The phenomenon of Pedesis pertains to the “leaping” of particles.

Brownian motion or pedesis (from Greek: πήδησις /pɛ̌ːdɛːsis/ “leaping“) is the random motion of particles suspended in a fluid (a liquid or a gas) resulting from their collision with the quick atoms or molecules in the gas or liquid.

The principles of Pedesis are [purportedly] predicated upon the pronouncements promulgated in 1905 by the prodigious Prince of Pedesis Albert Einstein.

At first the predictions of Einstein’s formula were seemingly refuted by a series of experiments by Svedberg in 1906 and 1907, which gave displacements of the particles as 4 to 6 times the predicted value, and by Henri in 1908 who found displacements 3 times greater than Einstein’s formula predicted.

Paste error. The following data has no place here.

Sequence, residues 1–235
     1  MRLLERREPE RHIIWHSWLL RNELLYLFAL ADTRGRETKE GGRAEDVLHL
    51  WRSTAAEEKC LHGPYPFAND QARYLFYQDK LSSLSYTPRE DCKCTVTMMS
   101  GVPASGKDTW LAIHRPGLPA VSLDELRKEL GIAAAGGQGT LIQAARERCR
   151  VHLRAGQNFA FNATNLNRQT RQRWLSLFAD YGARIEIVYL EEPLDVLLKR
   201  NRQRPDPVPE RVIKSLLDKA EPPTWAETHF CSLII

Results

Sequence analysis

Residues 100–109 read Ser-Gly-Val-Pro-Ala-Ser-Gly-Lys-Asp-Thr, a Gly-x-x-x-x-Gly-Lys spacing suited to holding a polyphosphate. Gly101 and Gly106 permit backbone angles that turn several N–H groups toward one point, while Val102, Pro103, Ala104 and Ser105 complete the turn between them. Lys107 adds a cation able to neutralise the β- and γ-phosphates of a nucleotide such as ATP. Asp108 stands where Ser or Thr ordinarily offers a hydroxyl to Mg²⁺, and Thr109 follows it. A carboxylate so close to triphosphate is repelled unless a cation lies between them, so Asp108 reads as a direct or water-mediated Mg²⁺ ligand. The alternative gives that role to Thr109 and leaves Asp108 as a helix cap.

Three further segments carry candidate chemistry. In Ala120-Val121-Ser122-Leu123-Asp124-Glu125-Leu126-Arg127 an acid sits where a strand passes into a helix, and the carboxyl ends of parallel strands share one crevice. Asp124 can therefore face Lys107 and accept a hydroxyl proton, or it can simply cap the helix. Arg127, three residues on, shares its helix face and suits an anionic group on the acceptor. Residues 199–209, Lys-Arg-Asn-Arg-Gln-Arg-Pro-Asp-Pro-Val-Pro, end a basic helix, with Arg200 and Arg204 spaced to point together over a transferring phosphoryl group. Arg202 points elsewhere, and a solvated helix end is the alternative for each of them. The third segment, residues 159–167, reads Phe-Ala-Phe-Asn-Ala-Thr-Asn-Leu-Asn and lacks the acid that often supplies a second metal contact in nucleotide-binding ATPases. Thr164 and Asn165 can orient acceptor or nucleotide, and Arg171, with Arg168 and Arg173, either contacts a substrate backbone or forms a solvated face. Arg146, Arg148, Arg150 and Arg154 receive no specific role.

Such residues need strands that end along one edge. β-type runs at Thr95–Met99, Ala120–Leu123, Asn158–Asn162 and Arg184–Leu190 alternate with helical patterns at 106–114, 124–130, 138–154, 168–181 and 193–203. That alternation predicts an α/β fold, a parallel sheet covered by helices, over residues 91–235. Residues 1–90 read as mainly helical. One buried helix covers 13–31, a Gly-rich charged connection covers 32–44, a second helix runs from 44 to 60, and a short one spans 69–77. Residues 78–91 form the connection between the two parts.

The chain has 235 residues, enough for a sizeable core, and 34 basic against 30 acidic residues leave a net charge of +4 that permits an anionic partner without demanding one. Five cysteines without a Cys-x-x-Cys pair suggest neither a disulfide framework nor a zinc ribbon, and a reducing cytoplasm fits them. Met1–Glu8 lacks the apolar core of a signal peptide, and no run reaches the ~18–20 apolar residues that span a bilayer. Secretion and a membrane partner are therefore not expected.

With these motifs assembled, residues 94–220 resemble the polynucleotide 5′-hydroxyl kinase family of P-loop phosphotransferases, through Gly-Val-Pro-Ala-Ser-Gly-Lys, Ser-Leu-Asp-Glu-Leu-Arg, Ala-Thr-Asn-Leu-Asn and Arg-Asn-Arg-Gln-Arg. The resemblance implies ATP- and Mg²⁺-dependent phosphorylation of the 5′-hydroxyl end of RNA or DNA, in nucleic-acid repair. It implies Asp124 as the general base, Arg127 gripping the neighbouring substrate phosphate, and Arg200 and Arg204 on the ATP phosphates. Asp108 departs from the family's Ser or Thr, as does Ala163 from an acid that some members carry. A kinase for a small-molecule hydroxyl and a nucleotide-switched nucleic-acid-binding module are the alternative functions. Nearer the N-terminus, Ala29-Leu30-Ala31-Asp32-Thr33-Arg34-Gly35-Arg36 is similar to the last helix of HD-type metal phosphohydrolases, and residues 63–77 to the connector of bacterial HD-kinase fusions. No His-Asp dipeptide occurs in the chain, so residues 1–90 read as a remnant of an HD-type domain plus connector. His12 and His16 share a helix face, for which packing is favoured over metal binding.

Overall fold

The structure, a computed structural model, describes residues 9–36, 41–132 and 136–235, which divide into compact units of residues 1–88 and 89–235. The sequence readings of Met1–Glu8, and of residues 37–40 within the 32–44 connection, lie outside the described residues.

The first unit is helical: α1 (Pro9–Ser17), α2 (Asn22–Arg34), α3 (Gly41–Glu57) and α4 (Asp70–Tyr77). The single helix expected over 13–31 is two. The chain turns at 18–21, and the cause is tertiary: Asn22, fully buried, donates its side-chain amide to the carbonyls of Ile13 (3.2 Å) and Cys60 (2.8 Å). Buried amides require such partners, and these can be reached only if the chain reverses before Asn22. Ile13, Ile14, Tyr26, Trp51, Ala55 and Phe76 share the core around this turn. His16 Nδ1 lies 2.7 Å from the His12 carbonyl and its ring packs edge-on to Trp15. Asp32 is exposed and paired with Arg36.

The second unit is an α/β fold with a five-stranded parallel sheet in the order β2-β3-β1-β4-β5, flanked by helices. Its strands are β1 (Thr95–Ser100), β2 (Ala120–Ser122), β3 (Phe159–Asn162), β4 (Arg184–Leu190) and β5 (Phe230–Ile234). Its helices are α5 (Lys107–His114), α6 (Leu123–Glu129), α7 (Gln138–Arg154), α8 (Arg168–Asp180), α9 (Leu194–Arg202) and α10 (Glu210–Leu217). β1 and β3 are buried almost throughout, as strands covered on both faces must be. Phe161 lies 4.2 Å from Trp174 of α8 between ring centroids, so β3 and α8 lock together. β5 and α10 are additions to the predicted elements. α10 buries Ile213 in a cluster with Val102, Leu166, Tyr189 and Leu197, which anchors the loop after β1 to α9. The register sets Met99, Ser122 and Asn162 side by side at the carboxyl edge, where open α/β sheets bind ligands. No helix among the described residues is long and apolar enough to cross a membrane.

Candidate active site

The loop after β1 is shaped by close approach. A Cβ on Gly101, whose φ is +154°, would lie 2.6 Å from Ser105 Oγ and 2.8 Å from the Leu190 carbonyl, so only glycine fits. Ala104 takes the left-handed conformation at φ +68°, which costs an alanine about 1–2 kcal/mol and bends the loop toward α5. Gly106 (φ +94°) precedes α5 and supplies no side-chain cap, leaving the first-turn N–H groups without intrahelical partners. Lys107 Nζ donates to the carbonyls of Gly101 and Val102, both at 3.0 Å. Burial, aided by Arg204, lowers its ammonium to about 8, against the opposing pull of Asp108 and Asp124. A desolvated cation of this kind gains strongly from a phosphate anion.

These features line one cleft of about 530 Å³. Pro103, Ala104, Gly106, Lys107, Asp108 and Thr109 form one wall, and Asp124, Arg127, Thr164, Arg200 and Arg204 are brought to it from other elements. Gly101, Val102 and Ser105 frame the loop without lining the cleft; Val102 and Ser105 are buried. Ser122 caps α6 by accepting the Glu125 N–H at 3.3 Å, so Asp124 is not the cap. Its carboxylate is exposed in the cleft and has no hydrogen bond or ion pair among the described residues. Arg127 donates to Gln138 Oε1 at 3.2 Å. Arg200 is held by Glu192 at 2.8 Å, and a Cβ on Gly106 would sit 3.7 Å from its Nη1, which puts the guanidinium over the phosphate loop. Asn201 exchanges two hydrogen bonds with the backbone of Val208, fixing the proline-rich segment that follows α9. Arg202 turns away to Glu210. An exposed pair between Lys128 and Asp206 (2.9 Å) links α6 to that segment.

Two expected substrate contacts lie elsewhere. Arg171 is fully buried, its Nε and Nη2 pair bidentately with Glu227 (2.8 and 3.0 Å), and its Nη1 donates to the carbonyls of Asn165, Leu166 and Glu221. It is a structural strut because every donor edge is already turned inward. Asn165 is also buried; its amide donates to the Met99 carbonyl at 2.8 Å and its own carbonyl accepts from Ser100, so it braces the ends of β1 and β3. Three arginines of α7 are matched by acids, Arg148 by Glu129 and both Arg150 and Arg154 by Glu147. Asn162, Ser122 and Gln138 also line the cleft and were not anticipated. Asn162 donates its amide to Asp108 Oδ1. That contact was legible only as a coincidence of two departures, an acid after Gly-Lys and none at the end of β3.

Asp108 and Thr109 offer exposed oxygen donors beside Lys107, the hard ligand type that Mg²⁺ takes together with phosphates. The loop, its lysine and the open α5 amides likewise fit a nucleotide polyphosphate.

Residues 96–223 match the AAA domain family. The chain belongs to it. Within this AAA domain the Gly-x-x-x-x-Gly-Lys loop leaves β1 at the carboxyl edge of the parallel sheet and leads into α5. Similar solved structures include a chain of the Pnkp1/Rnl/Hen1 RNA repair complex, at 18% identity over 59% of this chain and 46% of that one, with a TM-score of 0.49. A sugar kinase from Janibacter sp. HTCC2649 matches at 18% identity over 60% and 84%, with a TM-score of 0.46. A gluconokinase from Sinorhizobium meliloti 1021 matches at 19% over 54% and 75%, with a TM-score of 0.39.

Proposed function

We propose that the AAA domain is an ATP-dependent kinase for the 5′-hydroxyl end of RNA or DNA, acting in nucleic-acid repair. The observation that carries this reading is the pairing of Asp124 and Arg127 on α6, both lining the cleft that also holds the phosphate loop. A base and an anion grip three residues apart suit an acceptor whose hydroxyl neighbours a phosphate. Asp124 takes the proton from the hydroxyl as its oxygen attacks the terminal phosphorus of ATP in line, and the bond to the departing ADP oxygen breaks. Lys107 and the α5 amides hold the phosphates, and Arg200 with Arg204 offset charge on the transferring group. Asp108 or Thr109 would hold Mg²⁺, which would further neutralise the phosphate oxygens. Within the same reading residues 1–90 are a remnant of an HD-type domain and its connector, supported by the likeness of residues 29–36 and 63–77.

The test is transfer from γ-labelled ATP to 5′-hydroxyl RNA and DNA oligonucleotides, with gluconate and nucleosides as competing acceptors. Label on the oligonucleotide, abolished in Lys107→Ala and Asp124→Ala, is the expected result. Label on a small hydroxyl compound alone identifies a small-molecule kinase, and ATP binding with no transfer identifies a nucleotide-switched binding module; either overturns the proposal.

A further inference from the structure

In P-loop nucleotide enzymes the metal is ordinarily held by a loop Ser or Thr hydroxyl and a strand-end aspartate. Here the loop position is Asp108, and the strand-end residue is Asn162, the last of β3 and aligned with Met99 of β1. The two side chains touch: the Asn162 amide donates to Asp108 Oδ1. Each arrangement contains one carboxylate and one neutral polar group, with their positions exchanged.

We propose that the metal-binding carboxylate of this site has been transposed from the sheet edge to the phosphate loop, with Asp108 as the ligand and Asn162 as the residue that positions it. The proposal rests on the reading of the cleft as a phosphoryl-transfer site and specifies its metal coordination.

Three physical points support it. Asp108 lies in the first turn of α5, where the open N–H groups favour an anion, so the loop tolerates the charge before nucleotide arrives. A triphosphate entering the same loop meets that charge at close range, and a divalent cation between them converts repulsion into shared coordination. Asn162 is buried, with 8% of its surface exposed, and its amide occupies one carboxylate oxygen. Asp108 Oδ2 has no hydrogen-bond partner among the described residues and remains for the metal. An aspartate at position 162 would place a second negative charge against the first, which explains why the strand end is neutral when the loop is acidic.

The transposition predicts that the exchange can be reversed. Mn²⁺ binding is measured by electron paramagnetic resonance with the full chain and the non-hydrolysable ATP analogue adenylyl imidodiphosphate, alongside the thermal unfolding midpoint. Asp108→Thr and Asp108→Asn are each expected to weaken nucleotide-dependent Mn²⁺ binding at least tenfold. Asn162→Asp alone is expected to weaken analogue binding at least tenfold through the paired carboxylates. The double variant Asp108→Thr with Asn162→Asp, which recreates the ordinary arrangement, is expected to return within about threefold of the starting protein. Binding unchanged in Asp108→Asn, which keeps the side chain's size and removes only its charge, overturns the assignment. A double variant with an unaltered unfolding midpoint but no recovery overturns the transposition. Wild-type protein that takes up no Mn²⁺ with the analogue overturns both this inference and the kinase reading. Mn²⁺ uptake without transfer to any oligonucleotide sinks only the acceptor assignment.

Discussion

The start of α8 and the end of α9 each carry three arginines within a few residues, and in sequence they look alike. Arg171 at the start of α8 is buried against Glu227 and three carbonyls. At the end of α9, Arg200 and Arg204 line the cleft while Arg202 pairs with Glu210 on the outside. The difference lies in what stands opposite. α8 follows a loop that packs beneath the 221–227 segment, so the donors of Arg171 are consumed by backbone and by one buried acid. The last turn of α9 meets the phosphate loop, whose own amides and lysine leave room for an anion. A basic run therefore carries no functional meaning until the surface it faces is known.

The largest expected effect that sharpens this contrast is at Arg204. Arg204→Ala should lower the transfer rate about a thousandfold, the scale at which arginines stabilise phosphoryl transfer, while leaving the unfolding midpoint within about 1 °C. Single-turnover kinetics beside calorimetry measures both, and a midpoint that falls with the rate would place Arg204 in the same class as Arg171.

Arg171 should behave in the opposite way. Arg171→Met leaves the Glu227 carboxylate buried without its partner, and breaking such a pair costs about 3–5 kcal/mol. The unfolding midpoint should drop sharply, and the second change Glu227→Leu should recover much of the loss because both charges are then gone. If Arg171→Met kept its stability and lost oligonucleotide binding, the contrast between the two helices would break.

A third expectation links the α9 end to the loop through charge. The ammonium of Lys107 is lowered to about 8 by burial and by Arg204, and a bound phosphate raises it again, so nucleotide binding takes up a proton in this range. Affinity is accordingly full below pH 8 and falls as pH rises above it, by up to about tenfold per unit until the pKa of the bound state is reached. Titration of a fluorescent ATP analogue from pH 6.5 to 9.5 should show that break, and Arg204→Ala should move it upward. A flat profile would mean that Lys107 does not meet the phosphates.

But Einstein’s predictions were finally confirmed in a series of experiments carried out by Chaudesaigues in 1908 and Perrin in 1909.

After Albert Einstein published (1905) his theoretical explanation of Brownian motion in terms of atoms, Perrin did the experimental work to test and verify Einstein’s predictions, thereby settling the century-long dispute about John Dalton’s atomic theory.

Investigations on the Brownian movement was the subject of five papers by Einstein (1905-1908).

Einstein – at that time employed as an engineer at the Patent Office in Bern – got interested in the motion of small particles suspended in a liquid, as a “visible” testimony of the molecular kinetic theory of heat.

This first paper was followed a few months later by a more theoretical one, where Einstein studied not only the translational movement of suspended particles, but also the rotational one of spherical particles.